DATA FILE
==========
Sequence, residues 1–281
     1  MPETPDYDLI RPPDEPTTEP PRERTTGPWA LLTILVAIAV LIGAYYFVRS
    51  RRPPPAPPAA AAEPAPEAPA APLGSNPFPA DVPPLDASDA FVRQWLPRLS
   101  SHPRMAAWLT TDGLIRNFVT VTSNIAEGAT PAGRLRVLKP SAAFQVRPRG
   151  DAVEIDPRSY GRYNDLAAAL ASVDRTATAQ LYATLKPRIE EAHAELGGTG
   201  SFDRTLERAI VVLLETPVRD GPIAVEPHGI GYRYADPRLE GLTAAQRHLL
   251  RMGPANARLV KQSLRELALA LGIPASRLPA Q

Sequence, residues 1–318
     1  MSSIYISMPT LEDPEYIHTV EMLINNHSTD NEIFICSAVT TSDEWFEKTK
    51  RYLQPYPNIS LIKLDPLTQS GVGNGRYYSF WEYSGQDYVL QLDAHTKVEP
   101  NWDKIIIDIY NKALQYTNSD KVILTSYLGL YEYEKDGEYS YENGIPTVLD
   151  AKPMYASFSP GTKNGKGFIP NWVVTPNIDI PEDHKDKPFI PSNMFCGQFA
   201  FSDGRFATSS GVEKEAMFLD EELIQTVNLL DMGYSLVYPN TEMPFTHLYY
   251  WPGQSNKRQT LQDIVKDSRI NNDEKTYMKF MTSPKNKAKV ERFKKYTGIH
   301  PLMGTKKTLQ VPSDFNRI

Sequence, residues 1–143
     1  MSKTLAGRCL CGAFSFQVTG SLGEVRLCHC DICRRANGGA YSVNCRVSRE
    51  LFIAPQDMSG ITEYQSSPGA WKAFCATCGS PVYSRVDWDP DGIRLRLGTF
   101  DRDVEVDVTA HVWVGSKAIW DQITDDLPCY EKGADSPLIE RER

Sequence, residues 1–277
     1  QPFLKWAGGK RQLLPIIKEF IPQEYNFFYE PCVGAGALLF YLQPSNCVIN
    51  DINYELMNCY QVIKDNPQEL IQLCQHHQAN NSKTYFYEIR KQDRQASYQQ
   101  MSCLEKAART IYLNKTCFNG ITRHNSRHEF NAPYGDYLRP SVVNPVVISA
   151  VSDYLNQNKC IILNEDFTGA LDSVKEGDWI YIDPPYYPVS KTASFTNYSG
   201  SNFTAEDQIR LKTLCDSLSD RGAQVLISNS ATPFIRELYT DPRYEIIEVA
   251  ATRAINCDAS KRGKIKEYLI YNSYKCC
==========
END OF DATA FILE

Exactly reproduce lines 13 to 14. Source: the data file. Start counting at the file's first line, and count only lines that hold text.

   201  FSDGRFATSS GVEKEAMFLD EELIQTVNLL DMGYSLVYPN TEMPFTHLYY
   251  WPGQSNKRQT LQDIVKDSRI NNDEKTYMKF MTSPKNKAKV ERFKKYTGIH